There are a lot of things I didn’t know about being with someone who had kids when I started seeing Michael. It’s not something I really thought about. I just happened to meet this awesome guy who just so happened to have a really adorable kid too. I didn’t understand what that meant at first. It took time for me to see the many dynamics involved.
As time passed I really started to see how things worked. I came into things so blindly, I didn’t even really know what I’d gotten myself into. And that was a hard reality. I was overwhelmed with so many life changes at one time. I was used to being in relationships that were simple. Two people, maybe a dog. My life was completely different.
Now I’m a parent figure. I organize family outings and do the back to school shopping. We do “Family Fun Night” once a week. We’re a family no matter what way you view it. And I’m happy. The happiest I’ve ever been in my life. But things aren’t always shit and sunshine. Playing the step-mom role you’re faced with a lot of hard realities. Difficulties that I never realized existed until I assumed the position.
If you’re about to venture into a relationship with someone who has children, you might want to prepare yourself for some of the difficult aspects that may arise. They’re real issues. And while they aren’t exactly deal breakers, you should be ready for what’s to come:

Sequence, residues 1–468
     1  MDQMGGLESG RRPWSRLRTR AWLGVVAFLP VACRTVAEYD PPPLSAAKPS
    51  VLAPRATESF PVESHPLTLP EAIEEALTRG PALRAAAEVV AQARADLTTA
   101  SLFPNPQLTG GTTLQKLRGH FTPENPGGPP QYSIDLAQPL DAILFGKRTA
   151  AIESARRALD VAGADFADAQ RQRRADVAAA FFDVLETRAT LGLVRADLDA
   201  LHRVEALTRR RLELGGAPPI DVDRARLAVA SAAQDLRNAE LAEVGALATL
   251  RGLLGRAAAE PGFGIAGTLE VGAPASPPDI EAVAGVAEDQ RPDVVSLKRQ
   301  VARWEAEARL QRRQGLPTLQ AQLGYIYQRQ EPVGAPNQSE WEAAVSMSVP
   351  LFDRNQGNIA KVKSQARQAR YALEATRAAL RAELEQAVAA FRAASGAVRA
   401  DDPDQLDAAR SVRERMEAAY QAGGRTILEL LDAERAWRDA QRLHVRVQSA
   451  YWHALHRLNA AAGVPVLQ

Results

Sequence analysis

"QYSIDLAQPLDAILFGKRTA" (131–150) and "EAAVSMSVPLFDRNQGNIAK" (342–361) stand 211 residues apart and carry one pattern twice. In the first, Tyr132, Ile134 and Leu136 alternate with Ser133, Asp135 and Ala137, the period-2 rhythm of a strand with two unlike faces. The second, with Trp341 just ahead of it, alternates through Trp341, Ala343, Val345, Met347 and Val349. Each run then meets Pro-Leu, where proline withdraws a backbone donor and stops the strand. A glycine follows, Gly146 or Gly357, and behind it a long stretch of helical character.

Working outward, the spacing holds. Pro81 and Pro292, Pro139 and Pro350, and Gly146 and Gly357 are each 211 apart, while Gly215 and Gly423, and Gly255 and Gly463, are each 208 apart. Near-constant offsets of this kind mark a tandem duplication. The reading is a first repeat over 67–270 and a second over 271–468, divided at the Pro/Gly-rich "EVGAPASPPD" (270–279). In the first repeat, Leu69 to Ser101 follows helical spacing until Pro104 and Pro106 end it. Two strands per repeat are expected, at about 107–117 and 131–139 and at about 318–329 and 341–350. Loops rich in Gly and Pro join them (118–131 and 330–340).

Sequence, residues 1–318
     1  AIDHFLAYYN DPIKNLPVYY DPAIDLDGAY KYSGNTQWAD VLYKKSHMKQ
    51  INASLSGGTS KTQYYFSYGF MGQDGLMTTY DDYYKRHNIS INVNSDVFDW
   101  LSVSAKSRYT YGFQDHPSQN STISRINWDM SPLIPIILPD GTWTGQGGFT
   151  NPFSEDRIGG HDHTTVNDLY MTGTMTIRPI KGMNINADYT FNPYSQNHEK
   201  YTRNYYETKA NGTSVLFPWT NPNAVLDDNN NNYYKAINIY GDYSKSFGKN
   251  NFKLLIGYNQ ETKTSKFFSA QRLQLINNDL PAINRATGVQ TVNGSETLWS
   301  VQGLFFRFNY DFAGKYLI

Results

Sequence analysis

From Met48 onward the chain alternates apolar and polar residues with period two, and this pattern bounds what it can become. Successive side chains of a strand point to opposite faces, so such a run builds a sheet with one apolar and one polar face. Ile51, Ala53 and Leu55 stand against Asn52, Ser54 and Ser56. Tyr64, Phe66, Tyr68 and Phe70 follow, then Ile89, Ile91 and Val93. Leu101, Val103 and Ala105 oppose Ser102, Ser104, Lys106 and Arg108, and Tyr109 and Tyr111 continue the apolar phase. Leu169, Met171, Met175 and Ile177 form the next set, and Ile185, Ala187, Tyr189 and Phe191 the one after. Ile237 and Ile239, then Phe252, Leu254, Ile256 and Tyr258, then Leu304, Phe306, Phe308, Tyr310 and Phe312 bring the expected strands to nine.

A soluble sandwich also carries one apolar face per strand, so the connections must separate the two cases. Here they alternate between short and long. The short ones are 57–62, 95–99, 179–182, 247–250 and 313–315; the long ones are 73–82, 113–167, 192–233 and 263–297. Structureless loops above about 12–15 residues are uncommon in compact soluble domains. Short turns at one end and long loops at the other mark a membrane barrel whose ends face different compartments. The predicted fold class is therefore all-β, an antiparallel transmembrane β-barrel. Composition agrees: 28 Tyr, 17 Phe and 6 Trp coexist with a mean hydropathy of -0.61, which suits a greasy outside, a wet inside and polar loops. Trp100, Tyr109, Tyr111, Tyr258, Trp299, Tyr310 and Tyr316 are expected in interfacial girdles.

1. You’re not the mom.
You are not, have never been, and never will be your step-child’s mother. And that’s going to hurt sometimes. No matter how many awards ceremonies or teacher parent conferences you attend. No matter how many kisses goodnight you give or family dinners you cook, you did not physically give birth to them. You are not their mom. But that’s okay. You’re something different. You’re someone who CHOSE to love them. You make the choice everyday to wakeup and dress them for school. You decided to live a life with them in it. And that is just as great.
2. You’ll be playing a continuous game of catch-up.
I think this gets worse with age. The older your step-children, the more you’ve missed out on. I came into Riley’s life when he was five years old. That’s five years that I’ve lost with him. I wasn’t there when he was born. I didn’t get to see his first steps or hear his first words. A lot of this feels really sad when you think about how much you love this little person and wish you’d been a part of their life sooner. All of the negatives become a lot easier when you change your mindset. When you think about the fact that although you missed out on a lot, you have so much to look forward to and be a part of- the little things don’t seem so big.